On Tue, 6 Feb 2007, Florent de Dinechin wrote:
> We are the maintainers of the crlibm project, which aims at developping a > modern, correctly rounded version of the libm licenced under the LGPL. > Project homepage is https://lipforge.ens-lyon.fr/projects/crlibm/ > > I feel that this project is now achieving sufficient maturity to be a > candidate for gradual inclusion in the glibc. I would appreciate any feedback > on this question, and probably some practical advice. The following are just my views, I don't speak for the glibc maintainers. First, I expect it will be necessary to follow the FSF copyright assignment process. While various parts of glibc at present, including mathematical functions, have non-FSF copyrights, they are less likely to be accepted for new code; see <http://sourceware.org/ml/libc-alpha/2007-01/msg00026.html>. Second, I'd like to suggest that you consider contributing the code to the libgcc-math <http://gcc.gnu.org/wiki/libgcc-math> project *as well as* to glibc. This aims to collect implementations of mathematical functions for use from GCC-compiled code beyond the scope of glibc; for example, vectorized functions, normal functions compiled with more efficient ABIs (SSE argument passing on x86) and C99 functions for use by the C++ and Fortran runtime libraries on platforms whose non-glibc libm is missing those functions. Such functions are specifically beyond the scope of what is considered appropriate for inclusion in glibc <http://sourceware.org/ml/libc-alpha/2005-07/msg00008.html>, so if you are interested in this then you should discuss it on [hidden email] and not on libc-alpha. By assigning to the FSF and using the LGPL+exception license used for soft-fp from the start, the code can be used in both places; you should aim for making it possible to have identical source files in both places, as that's best in terms of FSF policies. > should first improve average > performance at the expense of larger tables, If doing so makes the average case performance better than the existing implementations, that would make a clearer case for including this code as a replacement for the current code. There are trade-offs involved between speed, size and accuracy of mathematical functions. glibc has to strike a middle ground for general users. Other projects such as libgcc-math may collect different versions tuned for different trade-offs and allow the user to select them at compile time or link time. The glibc bug database <http://sources.redhat.com/bugzilla/> has 57 open bugs in the "math" component, mostly suspended until someone comes forward with patches for them. Perhaps your new implementations fix some of them? (Many of those bugs relate to float and long double versions of the functions; as I understand it, your methods could generate proven correctly rounded functions for float and probably but not proven correctly rounded versions for at least IEEE extended and quad long double.) -- Joseph S. Myers [hidden email] |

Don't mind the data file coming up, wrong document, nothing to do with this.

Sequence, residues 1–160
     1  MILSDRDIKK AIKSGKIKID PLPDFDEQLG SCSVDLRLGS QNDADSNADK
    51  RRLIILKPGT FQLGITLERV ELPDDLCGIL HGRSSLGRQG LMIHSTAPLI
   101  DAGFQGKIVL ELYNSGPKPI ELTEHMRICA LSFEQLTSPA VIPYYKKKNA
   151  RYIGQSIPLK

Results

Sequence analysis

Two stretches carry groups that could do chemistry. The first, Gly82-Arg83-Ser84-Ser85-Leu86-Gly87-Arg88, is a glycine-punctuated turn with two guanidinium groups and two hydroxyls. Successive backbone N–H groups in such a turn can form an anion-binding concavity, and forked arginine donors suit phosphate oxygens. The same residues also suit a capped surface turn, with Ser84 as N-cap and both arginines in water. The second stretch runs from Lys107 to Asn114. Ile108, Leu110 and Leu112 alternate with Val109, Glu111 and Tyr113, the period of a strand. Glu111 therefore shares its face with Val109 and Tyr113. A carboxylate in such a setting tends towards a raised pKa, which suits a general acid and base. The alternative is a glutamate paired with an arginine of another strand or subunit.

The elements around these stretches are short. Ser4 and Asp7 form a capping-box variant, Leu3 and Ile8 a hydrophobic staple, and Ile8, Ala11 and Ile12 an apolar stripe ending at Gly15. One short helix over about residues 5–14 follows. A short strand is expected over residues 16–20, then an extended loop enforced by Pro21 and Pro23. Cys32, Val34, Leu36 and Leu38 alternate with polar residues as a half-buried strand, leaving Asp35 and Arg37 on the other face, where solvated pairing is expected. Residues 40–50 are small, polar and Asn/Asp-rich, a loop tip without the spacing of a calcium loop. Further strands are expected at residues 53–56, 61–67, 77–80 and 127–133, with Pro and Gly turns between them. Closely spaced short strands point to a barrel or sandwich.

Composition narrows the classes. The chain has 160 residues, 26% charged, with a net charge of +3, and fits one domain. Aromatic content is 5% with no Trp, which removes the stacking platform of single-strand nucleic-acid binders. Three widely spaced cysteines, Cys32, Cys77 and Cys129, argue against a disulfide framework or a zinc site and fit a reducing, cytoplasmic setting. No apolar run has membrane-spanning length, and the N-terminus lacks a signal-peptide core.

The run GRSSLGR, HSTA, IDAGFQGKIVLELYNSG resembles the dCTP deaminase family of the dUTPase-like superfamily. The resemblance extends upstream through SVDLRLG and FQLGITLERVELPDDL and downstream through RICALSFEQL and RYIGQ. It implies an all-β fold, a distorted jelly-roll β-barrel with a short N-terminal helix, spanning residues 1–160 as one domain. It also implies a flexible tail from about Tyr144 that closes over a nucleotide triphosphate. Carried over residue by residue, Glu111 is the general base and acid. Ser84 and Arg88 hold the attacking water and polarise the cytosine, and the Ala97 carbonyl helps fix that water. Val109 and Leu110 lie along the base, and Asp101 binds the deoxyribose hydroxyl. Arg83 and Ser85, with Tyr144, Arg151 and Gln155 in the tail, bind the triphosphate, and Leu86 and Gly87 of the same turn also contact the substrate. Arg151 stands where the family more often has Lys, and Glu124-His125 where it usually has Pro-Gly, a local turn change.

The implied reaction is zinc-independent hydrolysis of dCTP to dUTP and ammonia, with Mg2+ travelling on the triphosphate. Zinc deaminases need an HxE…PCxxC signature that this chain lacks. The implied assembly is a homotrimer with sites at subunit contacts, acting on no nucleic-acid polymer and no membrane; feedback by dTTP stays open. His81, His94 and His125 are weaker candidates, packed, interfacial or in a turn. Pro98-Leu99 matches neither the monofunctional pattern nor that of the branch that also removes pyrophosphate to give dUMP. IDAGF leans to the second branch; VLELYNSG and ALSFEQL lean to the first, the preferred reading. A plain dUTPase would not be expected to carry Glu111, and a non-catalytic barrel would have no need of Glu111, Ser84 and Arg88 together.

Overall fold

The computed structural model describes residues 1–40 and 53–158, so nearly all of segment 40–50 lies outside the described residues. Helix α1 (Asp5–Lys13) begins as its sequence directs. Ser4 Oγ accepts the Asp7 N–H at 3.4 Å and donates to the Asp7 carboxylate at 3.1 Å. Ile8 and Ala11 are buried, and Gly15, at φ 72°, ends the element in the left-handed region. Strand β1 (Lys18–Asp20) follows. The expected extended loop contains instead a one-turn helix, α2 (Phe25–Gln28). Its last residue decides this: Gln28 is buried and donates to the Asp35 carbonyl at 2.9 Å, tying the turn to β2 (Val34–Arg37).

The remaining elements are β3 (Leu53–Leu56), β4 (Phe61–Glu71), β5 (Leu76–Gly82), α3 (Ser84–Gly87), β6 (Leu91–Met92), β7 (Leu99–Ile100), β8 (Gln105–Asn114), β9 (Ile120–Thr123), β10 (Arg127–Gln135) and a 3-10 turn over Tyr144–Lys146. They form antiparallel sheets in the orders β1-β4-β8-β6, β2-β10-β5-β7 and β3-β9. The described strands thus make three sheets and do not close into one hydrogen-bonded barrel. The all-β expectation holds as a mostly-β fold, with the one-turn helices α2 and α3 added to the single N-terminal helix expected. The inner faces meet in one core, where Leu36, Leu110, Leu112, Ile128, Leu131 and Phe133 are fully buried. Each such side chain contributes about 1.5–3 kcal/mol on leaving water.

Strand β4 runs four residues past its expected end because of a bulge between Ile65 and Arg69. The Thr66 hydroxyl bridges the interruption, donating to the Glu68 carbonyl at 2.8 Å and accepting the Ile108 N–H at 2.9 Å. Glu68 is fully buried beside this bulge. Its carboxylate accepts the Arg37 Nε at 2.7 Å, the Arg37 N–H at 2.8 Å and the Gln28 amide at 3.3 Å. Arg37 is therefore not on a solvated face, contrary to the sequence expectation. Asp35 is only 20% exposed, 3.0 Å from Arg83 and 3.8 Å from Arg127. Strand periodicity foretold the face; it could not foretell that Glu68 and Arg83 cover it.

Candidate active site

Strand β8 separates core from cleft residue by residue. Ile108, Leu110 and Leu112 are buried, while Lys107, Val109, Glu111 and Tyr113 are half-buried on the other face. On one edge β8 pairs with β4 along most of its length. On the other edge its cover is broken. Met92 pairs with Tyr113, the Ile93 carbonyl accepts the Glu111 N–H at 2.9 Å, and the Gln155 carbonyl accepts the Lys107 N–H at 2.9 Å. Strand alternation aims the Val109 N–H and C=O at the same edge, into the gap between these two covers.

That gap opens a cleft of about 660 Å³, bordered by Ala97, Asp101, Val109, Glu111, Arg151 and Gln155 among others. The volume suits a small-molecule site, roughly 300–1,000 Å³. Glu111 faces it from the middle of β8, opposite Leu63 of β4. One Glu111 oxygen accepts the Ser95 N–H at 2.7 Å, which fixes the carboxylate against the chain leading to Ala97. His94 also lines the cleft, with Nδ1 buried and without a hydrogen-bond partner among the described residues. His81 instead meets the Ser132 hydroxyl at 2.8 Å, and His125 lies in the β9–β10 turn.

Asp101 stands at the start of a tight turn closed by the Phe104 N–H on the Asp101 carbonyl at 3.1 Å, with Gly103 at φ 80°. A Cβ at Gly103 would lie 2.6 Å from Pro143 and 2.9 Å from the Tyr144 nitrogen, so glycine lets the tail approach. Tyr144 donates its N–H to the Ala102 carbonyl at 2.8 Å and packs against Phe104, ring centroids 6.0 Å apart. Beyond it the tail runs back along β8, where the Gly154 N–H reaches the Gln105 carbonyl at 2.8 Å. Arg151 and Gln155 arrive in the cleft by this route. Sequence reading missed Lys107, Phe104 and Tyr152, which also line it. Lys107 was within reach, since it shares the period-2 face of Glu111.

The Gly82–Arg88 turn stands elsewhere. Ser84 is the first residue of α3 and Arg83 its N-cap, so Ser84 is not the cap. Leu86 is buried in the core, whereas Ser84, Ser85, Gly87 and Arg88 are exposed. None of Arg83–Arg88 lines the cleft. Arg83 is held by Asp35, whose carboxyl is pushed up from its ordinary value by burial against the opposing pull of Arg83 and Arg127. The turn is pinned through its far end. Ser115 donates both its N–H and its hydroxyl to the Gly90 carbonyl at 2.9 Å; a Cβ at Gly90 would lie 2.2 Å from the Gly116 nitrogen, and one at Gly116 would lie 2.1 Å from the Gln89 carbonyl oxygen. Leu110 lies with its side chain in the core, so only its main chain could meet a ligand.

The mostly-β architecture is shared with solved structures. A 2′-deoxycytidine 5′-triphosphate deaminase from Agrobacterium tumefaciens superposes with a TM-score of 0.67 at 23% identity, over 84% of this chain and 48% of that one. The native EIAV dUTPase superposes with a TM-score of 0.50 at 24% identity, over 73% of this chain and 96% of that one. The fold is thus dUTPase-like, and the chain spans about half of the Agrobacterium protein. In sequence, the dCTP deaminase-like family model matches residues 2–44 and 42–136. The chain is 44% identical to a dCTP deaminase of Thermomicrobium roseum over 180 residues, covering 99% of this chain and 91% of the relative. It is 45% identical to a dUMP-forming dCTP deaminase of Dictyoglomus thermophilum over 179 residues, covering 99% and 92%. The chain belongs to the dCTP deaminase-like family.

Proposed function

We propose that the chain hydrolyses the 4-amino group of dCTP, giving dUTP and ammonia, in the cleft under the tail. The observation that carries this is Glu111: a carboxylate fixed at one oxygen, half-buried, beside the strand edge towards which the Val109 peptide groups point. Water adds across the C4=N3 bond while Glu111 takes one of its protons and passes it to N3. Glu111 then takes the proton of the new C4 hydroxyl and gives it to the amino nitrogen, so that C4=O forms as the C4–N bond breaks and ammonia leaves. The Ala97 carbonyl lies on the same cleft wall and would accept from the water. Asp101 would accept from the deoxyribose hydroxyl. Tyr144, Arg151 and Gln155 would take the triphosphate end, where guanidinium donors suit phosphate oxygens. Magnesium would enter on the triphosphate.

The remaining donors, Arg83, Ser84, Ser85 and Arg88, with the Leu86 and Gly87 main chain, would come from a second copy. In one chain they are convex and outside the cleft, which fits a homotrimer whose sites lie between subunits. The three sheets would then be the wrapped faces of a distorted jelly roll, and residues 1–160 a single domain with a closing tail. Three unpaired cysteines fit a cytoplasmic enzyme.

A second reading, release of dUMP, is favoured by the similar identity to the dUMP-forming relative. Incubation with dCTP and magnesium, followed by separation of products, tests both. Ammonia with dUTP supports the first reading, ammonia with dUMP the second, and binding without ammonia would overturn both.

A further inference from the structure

Free forum by Nabble | Edit this page |